You may have noticed that in recent years there have been many new products aimed at treating women’s gynecological problems. In fact, so prevalent are the adverts and crowded the shelves in this section of the pharmacy, you could be forgiven for thinking women are constantly at odds with their reproductive organs! What you need to bear in mind is that pharmaceutical companies are in business to make money. That’s a perfectly legitimate goal, and without their work, we would not have many of the excellent modern drugs we do now. However, it also means that you will find a wide range of medicines available that you may not necessarily need. So how should you look after your gynecological health?
One of the most common infections in women is a form of yeast known as a candida fungus. The yeast is commonly found in the mouth where it is perfectly harmless. If the balance of bacteria in your body is upset though, for example, due to illness or the use of antibiotics, it can cause a white rash to appear as oral thrush in your mouth and on your tongue, or the vaginal area. It’s straightforward to treat with creams and pessaries, as well as oral anti-fungal tablets. Bacterial vaginosis is another problem that can arise when the bacteria in the body are affected, causing some that would normally be kept in check to grow rapidly.
These are two of the conditions you will see mentioned in advertising aimed at women, and it’s very useful to have treatments available to combat these problems. The key though is to make sure you need these treatments, and which infection you have. Itching in delicate areas can be caused by other factors such as allergies and dryness, and often in fact by the overuse of soaps. The best way to clean your vaginal area is to use warm water and no harsh soaps, with a specially formulated cleanser if you feel the need. Hygiene is the most important weapon against infection, of any kind, but don’t overdo the soap or you will upset the natural balance and cleansing abilities of your vagina.
There are all sorts of supplements and wellness products aimed at pregnant women, and in some cases, you might need to take on board extra nutrition if you have a vitamin or mineral deficiency, or a health issue. However, it’s best to get this checked with a blood test before buying any supplements, so that you can be sure you need them and are taking the right dose.
There’s a lot of discussion about the medicalization of childbirth, and whether we should be treating women as patients rather than people going through a perfectly natural process. You need to feel happy with your care when pregnant and in labor, so make sure you find out about all the options and possible interventions related to giving birth. You will receive advice from medical professionals, but also friends and family, so you need to have the confidence to listen to what is being said, but make up your own mind about how you want the birth to go. For example, if you read up on how to give birth without tearing, you’ll see that using birthing stirrups is not normally the best position for a woman to be in when in labor. You can make your feelings known to the healthcare staff, and ask to give birth on your side, or on all fours; however, it is more comfortable for you.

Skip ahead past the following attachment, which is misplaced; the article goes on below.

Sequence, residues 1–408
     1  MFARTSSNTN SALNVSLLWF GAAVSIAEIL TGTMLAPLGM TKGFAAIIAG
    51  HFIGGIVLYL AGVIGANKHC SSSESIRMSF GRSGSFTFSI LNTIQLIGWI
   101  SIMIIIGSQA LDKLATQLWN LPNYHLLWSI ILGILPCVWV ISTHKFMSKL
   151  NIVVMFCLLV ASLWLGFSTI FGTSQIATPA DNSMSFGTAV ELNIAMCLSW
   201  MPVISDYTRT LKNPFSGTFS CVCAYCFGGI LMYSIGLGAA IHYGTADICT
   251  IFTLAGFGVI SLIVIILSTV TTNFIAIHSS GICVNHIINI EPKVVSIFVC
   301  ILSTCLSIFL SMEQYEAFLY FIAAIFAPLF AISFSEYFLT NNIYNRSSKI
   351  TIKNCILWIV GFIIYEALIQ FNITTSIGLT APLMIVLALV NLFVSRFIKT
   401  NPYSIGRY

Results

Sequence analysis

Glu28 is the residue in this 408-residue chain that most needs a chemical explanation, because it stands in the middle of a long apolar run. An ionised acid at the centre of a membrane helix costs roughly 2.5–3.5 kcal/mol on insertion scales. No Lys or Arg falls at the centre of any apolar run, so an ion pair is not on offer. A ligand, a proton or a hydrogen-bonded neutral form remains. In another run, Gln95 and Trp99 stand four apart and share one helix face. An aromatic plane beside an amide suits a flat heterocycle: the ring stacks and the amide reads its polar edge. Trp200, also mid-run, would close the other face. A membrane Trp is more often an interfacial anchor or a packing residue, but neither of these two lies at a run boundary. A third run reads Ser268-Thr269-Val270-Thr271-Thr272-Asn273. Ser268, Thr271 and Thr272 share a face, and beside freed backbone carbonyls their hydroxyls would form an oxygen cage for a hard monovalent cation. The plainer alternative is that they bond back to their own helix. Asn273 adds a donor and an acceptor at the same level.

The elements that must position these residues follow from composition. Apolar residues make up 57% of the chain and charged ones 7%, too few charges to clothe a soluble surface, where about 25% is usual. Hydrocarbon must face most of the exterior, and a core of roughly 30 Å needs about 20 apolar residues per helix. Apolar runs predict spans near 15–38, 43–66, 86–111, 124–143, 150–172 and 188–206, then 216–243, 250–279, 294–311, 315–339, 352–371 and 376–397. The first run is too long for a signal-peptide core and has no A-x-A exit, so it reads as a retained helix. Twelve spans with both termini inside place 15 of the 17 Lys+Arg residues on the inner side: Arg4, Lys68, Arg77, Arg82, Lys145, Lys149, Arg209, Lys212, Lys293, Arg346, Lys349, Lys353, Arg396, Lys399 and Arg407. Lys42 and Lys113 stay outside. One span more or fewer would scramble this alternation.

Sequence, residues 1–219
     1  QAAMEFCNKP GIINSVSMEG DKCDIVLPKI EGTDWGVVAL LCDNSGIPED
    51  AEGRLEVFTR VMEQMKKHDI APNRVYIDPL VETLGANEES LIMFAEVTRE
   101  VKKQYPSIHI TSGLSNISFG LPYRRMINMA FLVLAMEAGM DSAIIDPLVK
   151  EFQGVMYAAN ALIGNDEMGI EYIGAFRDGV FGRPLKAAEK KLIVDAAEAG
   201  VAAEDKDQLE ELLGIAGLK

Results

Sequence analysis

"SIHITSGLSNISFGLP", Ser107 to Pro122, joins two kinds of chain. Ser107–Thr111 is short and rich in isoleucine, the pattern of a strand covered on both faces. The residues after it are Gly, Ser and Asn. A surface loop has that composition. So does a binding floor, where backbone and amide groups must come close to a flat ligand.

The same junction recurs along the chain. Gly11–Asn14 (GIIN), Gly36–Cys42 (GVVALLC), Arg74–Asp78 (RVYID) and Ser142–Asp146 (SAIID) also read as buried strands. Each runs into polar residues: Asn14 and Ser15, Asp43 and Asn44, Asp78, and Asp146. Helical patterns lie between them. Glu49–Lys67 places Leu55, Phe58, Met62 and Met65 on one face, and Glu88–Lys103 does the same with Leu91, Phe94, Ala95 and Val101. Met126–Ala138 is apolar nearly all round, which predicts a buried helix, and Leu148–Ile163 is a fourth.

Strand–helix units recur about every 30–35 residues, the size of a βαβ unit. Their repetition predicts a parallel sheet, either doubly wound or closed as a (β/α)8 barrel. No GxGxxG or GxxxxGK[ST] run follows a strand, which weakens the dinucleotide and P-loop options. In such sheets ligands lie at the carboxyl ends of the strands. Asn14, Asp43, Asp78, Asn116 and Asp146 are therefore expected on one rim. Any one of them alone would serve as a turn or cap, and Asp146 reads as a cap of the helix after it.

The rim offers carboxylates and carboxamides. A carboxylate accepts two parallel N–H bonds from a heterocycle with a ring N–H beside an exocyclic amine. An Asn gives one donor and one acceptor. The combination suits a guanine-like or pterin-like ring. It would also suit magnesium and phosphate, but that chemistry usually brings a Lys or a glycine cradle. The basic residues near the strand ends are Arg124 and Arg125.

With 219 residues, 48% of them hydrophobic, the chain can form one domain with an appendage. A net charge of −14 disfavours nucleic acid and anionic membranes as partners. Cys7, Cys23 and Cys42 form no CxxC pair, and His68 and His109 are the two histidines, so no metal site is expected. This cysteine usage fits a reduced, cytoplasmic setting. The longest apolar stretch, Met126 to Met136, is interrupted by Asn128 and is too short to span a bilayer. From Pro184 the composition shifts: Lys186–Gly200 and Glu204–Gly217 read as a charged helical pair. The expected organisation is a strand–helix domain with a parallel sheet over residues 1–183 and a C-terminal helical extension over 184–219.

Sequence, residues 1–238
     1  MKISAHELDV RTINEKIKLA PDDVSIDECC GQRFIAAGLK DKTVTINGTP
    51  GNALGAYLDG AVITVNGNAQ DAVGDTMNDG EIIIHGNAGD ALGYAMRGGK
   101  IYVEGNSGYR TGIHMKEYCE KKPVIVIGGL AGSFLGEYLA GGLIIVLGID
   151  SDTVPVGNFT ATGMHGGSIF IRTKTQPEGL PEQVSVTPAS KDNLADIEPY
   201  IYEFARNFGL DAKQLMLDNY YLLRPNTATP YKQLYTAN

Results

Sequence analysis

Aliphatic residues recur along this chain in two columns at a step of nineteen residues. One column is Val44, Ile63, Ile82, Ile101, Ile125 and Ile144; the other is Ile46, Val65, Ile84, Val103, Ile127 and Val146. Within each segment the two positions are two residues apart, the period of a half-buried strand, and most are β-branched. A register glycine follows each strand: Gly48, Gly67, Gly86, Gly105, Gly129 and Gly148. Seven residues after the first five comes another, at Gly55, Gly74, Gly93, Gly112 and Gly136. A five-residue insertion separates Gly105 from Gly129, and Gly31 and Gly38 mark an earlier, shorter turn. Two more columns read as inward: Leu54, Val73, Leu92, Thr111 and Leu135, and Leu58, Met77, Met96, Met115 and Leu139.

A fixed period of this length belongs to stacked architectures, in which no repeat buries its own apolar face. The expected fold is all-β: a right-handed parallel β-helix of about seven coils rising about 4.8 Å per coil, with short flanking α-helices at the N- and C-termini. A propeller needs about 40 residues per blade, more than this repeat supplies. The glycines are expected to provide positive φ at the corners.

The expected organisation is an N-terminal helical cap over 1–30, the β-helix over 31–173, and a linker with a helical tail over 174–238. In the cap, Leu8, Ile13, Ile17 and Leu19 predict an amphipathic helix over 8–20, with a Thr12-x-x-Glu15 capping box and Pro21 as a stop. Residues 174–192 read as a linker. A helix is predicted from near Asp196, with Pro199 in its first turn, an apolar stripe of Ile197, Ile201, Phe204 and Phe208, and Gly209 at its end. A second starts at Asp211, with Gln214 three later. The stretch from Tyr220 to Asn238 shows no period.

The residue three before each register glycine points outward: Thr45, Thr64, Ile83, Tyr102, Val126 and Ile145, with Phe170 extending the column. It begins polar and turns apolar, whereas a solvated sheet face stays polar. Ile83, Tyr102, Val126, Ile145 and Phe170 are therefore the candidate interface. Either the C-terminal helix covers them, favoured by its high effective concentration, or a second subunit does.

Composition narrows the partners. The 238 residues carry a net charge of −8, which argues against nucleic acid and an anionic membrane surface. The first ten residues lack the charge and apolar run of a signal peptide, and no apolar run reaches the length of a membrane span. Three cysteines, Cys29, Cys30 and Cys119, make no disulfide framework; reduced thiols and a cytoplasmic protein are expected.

This is a problem that can affect people most severely mentally in addition to the inconvenience it causes. One of the reasons women are more prone to incontinence is childbirth itself because it puts great strain on the same muscles that support the bladder and bowel. One of your best defenses is to practice pelvic floor exercises regularly, to build up the strength in these muscles and get them back into shape after giving birth.
The change of life affects the body in many different ways, but in respect of gynecological problems, the most common side effect is loss of natural lubrication in the vagina. This is caused by the changes in hormone levels that occur as the menopause progresses. The dryness can lead to itching and sometimes soreness, and may affect your comfort during intercourse. Hormone replacement therapy can help with many of the effects experienced during menopause, including vaginal dryness, but may not be suitable for all women. Alternatively, this is a time when the lubricants you see on the pharmacy shelves may be helpful for you.
Sexually transmitted disease (STDs)
Having intercourse without protection can lead to the development of an STD, if your partner is carrying the infection. There are a number of STDs you could catch, including gonorrhea, chlamydia, genital herpes, syphilis, and of course HIV. You can also pick up genital warts and pubic lice from sexual activity with an infected person. Prevention is better than cure, and indeed in some cases, there is no effective cure for these conditions. Therefore, caution is advisable, by abstinence, the use of condoms, or both partners having sexual health check-ups and tests. If you suspect you may have an STD, try not to feel embarrassed at the thought of discussing it with your doctor. It’s important to get an accurate diagnosis and commence treatment promptly, and healthcare professionals will only be concerned about ensuring your welfare.
You can see from this list that there is a range of gynecological issues that can affect women of all ages. That doesn’t mean that you will necessarily experience all of them, or that they affect all women. As mentioned previously, good hygiene is essential to gynecological health. If you do experience any symptoms or feel uncomfortable, get it checked out by your doctor or clinic, who will be able to tell you exactly what’s wrong and advise on the best course of treatment.